As the concept of PPF evolves, there is increasing interest in biomarkers (medical signs that can be accurately and reproducibly measured to characterize a disease state or outcome) to aid in determining which patients with pulmonary fibrosis may have progressive disease and to guide diagnosis and treatment (8). In this Research Topic, Bowman et al. provide a review of biomarkers in PPF based on compartment: peripheral blood, airway, and pulmonary parenchyma. The authors highlight the need for future study, particularly of biomarkers that may distinguish inflammatory from fibrotic interstitial lung diseases. Some biomarkers such as elevated peripheral blood monocyte count (associated with increased mortality risk in IPF and other fibrotic lung diseases) are already widely available in clinical practice, but it is not yet known whether and how they should influence management (Bowman et al.).
High resolution computed tomography (HRCT) of the chest is a fundamental component of PPF diagnosis and evaluation. In this series, Qubo et al. review the role of HRCT in PFF diagnosis. While HRCT may aid in diagnosis and prognostication among patients with IPF and other fibrotic lung diseases, there is interobserver variability in assessment of features, pattern and interval change (9). Quantitative computed tomography (QCT) has been studied as a biomarker of fibrotic lung disease, although it is not yet clear how to best use QCT serially or at a single time point to predict disease course or response to therapy (9). Recently published guidelines on PPF note that additional validation and standardization of protocols are needed before QCT can be used widely (1).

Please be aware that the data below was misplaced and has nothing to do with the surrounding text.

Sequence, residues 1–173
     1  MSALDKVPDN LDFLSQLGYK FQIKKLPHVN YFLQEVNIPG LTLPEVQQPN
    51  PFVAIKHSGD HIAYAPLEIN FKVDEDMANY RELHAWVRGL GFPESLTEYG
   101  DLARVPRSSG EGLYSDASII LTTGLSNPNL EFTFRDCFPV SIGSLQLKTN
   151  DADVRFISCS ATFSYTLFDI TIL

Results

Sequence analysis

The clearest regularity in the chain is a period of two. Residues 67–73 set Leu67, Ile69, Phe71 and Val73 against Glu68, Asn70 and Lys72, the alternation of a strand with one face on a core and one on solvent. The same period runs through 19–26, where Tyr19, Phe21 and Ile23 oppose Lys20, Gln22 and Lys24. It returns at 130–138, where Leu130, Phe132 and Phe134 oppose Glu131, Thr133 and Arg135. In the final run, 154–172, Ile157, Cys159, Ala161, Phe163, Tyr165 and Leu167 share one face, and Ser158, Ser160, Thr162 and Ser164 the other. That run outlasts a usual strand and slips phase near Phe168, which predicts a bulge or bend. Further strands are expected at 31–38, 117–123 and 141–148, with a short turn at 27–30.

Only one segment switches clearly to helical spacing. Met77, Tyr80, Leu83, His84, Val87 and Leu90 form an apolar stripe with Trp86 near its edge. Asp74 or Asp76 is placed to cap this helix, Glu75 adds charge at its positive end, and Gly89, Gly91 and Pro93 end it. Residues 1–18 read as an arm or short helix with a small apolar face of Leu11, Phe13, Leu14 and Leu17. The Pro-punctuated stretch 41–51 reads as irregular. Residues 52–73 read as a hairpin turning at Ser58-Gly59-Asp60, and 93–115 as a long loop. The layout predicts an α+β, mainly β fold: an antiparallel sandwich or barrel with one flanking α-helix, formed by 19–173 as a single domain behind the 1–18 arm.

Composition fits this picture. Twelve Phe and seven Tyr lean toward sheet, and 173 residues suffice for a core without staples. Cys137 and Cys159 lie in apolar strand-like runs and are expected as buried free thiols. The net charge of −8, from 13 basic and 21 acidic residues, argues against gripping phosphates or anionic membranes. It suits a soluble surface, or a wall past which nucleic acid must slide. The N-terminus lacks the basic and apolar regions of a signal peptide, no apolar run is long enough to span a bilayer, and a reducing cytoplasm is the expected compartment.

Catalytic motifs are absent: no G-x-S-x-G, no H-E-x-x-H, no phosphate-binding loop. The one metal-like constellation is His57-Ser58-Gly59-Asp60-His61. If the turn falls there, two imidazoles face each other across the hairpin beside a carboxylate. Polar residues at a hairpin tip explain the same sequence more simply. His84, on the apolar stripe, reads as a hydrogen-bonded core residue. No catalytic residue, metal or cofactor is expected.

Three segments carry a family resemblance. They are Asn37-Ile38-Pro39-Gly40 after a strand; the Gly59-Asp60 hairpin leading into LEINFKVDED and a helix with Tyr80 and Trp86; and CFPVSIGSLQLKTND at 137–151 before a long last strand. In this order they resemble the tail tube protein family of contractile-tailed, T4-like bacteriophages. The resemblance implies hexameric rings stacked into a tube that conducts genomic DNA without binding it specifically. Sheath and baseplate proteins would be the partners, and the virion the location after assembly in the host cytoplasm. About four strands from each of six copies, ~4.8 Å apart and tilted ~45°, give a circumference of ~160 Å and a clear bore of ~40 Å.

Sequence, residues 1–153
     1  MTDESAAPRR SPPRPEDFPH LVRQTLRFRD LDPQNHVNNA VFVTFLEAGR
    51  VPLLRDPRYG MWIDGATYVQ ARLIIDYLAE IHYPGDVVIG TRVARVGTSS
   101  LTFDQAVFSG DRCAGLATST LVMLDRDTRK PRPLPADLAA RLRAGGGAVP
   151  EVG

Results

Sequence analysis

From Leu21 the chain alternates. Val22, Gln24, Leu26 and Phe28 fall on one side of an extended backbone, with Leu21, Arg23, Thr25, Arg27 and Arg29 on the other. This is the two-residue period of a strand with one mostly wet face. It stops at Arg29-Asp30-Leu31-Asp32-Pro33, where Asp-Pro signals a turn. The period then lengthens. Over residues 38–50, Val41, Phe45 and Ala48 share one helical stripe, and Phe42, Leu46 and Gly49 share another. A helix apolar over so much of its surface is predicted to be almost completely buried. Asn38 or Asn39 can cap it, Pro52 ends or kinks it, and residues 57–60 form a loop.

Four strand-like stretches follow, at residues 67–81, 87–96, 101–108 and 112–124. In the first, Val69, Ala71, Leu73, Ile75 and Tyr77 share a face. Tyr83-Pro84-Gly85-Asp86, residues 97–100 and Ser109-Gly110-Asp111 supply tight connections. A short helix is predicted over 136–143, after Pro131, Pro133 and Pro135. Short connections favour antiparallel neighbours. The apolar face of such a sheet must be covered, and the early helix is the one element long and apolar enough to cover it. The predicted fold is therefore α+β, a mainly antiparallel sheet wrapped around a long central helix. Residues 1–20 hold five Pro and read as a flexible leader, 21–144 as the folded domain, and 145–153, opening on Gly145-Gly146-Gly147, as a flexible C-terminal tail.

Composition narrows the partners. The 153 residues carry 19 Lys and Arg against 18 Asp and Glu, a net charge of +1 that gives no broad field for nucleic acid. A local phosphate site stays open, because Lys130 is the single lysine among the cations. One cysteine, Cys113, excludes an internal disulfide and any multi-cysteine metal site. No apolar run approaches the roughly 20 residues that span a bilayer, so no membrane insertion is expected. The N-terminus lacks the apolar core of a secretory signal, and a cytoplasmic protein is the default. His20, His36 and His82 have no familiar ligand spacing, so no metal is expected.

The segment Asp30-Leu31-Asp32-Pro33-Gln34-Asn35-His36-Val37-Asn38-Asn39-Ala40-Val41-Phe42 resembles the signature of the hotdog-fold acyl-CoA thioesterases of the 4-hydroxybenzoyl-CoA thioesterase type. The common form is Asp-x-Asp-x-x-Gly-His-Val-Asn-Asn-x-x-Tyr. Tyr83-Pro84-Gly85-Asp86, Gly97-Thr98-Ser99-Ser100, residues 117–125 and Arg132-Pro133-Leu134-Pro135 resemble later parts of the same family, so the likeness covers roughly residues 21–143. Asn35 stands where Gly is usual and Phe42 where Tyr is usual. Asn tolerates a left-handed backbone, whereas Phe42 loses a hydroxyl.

There is growing recognition that despite differences in underlying ILD subtype, the clinical course of PPF is similar to IPF. This has resulted in the expansion of clinical trials of antifibrotics (pirfenidone and nintedanib) to include patients with PPF (10, 11), the FDA-approval of nintedanib for PF-ILD, and the inclusion of patients with PF-ILD alongside patients with IPF for evaluating new therapies (12). In this Research Topic, Copeland and Lancaster review key management aspects for patients with PFF ranging from pharmacologic therapies, such as use of nintedanib, to treatment of common co-morbidities, such as pulmonary hypertension or gastroesophageal reflux disease, to the importance of non-pharmacologic therapies such as pulmonary rehabilitation. The authors highlight the importance of early referral to lung transplantation for appropriate patients and the role of palliative care for management of symptom burden. It should be noted that outside of data from the INBUILD and RELIEF trials (10, 11) most evidence related to management considerations for patients with PPF is based on data obtained in an IPF population.